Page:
There is a single reason I don't like 6RD. And the reason I don't like 6RD is because I believe using 6RD with existing policies will bring customers a single sub?net. If we change that, I am very, very in favour of 6RD. So my suggestion is not doing anything like this, but actually making sure that we make the policies flexible because we have enough IPv6 space and we need IPv6 now to make sure that if an ISP want to deploy a /48 and that means needs a /16, can get a /16. If they can use a lower number of bits instead of 32 bits, for example, 16 or 24 bits, they will need a /24. That's not really that bad. I really think that there are more important principles in IPv6 and the first one is deploying IPv6 as soon as possible than really ultra conserving a space that we are never going to use at all because we are not going to use IPv6 in the next 400 years.

MARK TOWNSLEY: I want to clarify what you are saying is that, if I understand you, it's really number 2, that e.g. means example /27. In your case you are saying special, you know, if you needed 6RD to deploy and you want to give your customers a /56, okay, 24.

AUDIENCE SPEAKER: I don't think a special policy. I think making sure the existing policy works for 6RD and other technologies that may be in the same situation. It has been said before and I agree, a special policy for special technologies don't work very well. So nothing special, just actual policy making sure it works for any ISP willing to deploy 6RD and willing to deploy it this way.

CHAIR: Okay. I don't think we actually have enough /16s to do that. Nevertheless, thanks for that view. I see Lorenzo standing there. I think that's the very, very last comment. There is Eric behind him.

AUDIENCE SPEAKER: Lorenzo: So to the earlier point, I do partly agree with /KWRORDey, that maybe we can just work around this by clarifying the existing policy that if an ISP justifies a larger allocation based on the use of 6 are RD, then the community believes that this is a worthy goal and therefore should be taken into account by registration services when allocating space, right. We can just make sure that the existing policy allows RS to say, yes, in this specific case. I am kind of wary to say we should allow any new transition mechanism because otherwise I will make up my own transition mechanism that requires a /16 and RS will have to say well we don't really like that. So it's good to clarify that.

In particular, I don't want to be doing this thing again. This is a very painful transition for the industry as a whole. We might not even make it. And we are in this position because, you know, 32 bits should have been enough for everybody right, and it turns out that they weren't. So, I do think that we should try to conserve where it's reasonable, okay. So two points really.

Let's try to conserve where it's reasonable. I think, I don't think anyone in this room and probably on the mailing list will disagree that it's reasonable to provide is access ?? /TKHR?RB 27, I don't think a we object host error data operating centre should say we need to do are 6RD so we need a /27. I think we should just sort of clarify that and not assign separate space for this. Just say well, you know, if you are using 6RD then you get a bigger allocation and it's, you know, if you provide a plan that makes sense, then we'll ?? just like we do when we normally deal with requests.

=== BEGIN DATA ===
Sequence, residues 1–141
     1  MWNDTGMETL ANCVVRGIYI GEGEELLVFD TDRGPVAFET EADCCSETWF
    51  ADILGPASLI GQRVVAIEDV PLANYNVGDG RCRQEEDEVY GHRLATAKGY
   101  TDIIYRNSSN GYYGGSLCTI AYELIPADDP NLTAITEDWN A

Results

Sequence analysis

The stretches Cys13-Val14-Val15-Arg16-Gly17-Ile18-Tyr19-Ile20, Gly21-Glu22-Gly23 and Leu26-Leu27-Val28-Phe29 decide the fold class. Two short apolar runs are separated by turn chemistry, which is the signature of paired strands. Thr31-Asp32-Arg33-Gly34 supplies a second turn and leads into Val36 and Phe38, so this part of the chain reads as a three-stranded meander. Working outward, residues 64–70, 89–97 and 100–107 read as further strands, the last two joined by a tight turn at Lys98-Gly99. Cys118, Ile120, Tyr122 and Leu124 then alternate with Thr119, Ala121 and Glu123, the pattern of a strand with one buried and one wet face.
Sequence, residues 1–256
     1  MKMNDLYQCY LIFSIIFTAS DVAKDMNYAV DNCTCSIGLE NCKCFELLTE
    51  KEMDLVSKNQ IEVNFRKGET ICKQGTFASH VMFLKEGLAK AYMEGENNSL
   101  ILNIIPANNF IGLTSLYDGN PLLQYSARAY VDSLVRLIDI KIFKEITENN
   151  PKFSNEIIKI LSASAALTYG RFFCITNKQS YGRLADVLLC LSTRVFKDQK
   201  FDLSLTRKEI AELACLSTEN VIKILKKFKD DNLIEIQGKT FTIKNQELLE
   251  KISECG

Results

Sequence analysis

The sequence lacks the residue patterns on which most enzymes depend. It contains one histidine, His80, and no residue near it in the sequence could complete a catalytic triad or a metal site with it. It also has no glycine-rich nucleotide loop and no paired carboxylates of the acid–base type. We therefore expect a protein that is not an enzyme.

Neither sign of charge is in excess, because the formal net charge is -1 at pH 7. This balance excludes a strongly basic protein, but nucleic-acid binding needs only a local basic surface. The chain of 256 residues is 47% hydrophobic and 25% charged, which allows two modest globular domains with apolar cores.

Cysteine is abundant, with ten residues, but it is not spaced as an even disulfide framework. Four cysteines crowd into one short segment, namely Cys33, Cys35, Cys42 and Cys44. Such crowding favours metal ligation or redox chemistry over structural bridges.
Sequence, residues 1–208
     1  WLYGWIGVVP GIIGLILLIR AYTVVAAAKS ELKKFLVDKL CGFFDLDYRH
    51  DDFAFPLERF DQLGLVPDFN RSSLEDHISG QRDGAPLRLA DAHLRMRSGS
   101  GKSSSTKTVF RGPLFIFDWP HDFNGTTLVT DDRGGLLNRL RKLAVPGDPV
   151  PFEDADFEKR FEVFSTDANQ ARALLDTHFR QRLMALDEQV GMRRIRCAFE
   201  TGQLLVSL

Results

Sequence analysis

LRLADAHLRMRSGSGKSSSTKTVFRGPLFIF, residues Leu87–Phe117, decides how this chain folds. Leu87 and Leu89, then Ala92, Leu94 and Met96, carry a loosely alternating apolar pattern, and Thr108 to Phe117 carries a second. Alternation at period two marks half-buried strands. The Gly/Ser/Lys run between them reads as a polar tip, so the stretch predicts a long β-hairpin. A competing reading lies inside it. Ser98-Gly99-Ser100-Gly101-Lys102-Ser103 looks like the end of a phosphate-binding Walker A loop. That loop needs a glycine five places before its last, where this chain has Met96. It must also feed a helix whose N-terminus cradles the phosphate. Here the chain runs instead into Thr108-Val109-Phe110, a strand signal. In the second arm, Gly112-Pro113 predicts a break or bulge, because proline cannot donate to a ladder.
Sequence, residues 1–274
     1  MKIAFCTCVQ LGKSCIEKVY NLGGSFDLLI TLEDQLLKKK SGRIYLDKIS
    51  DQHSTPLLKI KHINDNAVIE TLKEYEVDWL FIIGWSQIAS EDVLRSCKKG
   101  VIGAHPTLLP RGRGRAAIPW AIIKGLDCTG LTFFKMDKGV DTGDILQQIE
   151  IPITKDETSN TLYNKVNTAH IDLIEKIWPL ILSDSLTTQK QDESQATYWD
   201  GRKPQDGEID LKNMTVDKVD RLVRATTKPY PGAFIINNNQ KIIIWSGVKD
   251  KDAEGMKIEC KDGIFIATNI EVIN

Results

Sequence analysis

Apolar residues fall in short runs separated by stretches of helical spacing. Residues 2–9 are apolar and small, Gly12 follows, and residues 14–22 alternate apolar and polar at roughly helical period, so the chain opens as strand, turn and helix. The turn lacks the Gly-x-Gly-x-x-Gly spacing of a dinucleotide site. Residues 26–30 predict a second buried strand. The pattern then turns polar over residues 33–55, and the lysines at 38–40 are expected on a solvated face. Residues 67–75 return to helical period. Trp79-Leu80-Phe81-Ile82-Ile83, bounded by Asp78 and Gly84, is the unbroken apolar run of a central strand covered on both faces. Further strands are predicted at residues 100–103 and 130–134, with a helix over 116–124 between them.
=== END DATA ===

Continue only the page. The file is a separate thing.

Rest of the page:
MARK TOWNSLEY: That sounds like some version of number 2.

AUDIENCE SPEAKER: Yes, but not a ball can eyed address block. Just a 6RD. We say that we as a community is a useful tool. We will you know approve stuff that requires a /27 when access IP wants to use T I think that's a fair policy.

Jan Jan I wonder how many traffic is there from 6RD?

AUDIENCE SPEAKER: It's the only access network that uses it on large scale. It's basically the toeality of the of RD deployment at any scale. I don't think anyone disagrees that it's a worthy technology. I think Eric wanted to say let's take back 3 FF E from IANA and tut it in there. So, that's another suggestion as well.

CHAIR: Very, very last comment.

AUDIENCE SPEAKER: I just thought about the thing that we shouldn't make policies that, special policies for special technologies. But I would like to turn that around. We shouldn't make policies that prevent good technologies.

CHAIR: Thanks. I think that's a very good closing word. It's actually ??

MARK TOWNSLEY: I have one question for you Gert. What should we do next?

CHAIR: That's what I was trying to get at.

Jan: Can we have some input from NCC stuff

CHAIR: What you guys need to do is work with the Working Group Chairs with Emilio and possibly Alex from the NCC, whom, you know, on drafting something that is then sent out to the mailing list, and then we get input from the mailing lists, form a policy document and be done with it. So, the draft should be something that everybody agrees on, that makes things a lot easier.

MARK TOWNSLEY: I am hearing voices of 2 and 3. So, we should, you know, kind of maybe clarify 2 and clarify 3 and initiate discussion on which is better?

CHAIR: I think we should just look at the policy documents and see how we can sort of make this fit together. Voices from this room tend to give input, but can be usually convinced to accept the other option if that's more reasonable and ??

Jan: For option 3, it's easy, we just ??

CHAIR: We don't discuss it here. Stop. For now we just had input. We have an amazing number of people have been with us through the coffee break, which is now nearly over. I thank you all very much for coming here and giving us feedback how to go along. Thank you to the scribes. Thank you to the stenographers. Thanks to the audio video guys. Everybody who helped making this work out. Enjoy the rest of your coffee break and see you in Vienna.